By Benjamin Schuman-Stoler
Another financial drama is having rippling effects in the Jewish community, only, unlike the financial misfortunes of Sheldon Adelson we wrote about last week, this one is despicable.
Bernard Madoff, the founder of Bernard L. Madoff Investment Securities LLC, was arrested Dec. 11 after admitting responsibility for a massive Ponzi scheme. Both JTA and Bloomberg reported on the effects Madoff’s arrest will have on non profits.
The Robert I. Lappin Foundation in Salem, Mass., announced Dec. 12 that it would shut down after losing $8 million — all of its money. And the Chais Family Foundation, which gives out some $12.5 million each year to Jewish causes in Israel, the former Soviet Union and Eastern Europe, announced its closing Dec. 14.
At least one nonprofit is calling out for help in the wake of Madoff’s collapse. The Gift of Life Foundation, a Jewish bone marrow registry that relied heavily on Madoff as a benefactor, announced on its Web site Sunday that it would immediately need to raise $1.8 million to make up for recent losses.
Sources close to Yeshiva University, where Madoff served as treasurer of the board of trustees and board chairman of the university’s Sy Syms School of Business until he resigned last week, said the school has lost at least $100 million. Y.U. officials declined to offer any specifics.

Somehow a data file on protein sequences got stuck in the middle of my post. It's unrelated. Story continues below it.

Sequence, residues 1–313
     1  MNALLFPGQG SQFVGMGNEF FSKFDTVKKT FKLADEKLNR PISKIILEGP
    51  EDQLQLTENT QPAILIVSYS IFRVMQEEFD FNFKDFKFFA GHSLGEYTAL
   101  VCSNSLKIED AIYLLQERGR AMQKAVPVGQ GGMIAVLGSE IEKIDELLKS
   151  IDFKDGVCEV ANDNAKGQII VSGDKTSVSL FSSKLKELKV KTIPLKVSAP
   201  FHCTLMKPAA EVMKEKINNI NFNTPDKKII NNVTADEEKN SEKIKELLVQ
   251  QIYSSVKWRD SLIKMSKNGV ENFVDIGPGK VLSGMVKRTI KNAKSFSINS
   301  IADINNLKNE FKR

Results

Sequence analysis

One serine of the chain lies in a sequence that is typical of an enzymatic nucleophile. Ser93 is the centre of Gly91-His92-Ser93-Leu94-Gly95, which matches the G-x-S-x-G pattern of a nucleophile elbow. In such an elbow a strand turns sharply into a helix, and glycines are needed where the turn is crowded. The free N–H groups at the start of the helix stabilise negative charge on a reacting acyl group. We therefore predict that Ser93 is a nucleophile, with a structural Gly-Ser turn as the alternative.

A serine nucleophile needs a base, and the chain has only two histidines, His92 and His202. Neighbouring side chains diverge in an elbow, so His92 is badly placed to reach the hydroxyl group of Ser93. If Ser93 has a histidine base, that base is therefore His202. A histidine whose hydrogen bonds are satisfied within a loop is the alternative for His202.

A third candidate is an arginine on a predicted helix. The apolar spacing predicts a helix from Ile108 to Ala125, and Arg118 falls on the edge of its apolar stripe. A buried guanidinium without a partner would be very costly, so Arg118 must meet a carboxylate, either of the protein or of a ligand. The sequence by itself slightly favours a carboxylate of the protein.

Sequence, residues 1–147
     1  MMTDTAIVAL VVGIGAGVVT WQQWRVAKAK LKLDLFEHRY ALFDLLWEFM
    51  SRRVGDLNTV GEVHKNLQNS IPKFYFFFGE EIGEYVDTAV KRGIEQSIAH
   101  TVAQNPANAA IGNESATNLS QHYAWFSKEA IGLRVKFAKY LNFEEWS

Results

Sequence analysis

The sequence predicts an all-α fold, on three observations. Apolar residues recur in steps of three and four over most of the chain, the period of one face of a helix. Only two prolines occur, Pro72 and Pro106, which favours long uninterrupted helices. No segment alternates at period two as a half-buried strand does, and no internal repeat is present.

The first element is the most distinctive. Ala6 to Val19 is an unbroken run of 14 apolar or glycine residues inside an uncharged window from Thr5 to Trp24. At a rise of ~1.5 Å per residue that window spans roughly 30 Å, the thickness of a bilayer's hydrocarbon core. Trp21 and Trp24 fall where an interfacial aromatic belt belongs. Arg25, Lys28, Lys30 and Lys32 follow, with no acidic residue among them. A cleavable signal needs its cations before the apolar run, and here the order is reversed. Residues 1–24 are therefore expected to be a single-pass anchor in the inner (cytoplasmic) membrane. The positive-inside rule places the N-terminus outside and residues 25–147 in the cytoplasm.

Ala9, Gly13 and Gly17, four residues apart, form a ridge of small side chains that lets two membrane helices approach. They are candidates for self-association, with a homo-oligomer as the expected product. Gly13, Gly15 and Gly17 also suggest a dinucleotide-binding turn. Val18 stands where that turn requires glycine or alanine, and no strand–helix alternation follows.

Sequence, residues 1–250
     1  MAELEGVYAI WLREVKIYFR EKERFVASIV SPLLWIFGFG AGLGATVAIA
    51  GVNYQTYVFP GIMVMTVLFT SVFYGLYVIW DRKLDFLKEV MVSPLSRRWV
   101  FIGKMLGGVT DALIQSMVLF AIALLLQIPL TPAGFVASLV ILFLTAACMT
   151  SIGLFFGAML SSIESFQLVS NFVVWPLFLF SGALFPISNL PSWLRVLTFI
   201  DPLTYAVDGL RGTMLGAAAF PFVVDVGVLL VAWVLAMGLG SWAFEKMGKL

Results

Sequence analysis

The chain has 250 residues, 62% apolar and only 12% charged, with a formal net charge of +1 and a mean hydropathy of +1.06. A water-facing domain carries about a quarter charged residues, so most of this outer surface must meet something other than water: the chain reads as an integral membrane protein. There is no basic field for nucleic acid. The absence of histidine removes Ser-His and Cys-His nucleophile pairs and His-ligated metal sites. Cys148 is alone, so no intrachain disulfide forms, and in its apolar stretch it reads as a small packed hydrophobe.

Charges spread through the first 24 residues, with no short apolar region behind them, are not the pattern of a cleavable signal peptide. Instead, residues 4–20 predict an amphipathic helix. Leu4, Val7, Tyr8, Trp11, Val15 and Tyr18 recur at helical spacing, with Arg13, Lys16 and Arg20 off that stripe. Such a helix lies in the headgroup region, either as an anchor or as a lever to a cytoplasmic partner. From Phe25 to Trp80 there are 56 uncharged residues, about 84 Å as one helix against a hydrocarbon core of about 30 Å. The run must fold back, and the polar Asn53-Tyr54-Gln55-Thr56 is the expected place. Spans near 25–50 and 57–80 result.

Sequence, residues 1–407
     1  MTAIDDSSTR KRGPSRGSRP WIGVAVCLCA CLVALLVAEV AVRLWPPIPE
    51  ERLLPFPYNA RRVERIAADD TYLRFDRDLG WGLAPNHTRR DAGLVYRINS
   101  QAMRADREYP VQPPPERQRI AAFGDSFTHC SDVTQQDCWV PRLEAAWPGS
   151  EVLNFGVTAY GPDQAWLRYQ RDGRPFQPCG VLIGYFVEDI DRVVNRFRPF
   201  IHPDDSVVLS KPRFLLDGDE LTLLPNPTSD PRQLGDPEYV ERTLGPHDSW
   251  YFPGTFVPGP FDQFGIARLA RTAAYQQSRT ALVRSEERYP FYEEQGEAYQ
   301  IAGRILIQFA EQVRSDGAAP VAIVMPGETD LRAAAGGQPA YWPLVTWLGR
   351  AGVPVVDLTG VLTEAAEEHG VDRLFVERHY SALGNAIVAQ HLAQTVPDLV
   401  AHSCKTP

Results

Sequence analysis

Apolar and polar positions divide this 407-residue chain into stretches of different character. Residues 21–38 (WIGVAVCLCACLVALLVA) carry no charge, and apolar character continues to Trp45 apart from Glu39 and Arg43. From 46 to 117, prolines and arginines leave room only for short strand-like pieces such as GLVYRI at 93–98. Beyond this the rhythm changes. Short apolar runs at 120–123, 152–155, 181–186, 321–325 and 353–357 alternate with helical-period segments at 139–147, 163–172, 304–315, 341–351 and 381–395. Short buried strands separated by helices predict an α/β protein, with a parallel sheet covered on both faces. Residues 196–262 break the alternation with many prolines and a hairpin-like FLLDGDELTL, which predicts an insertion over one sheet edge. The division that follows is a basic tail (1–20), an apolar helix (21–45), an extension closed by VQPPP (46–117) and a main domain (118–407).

Bloomberg says Madoff played an important role at the Elie Wiesel Foundation, too:
Madoff appeared to handle all the investments of the Elie Wiesel Foundation for Humanity, the foundation of the 80-year-old Nobel Prize winner and Auschwitz survivor, according its 2006 tax return. The foundation sponsors an annual ethics contest and after-school programs for Ethiopian Jews in Israel, among other programs. Treasurer Elisha Wiesel, Wiesel’s son, didn’t return a call.
These are just snippets of the articles, which include vast lists of non profits, in many spheres of society, that will suffer because of Madoff’s reprehensible actions.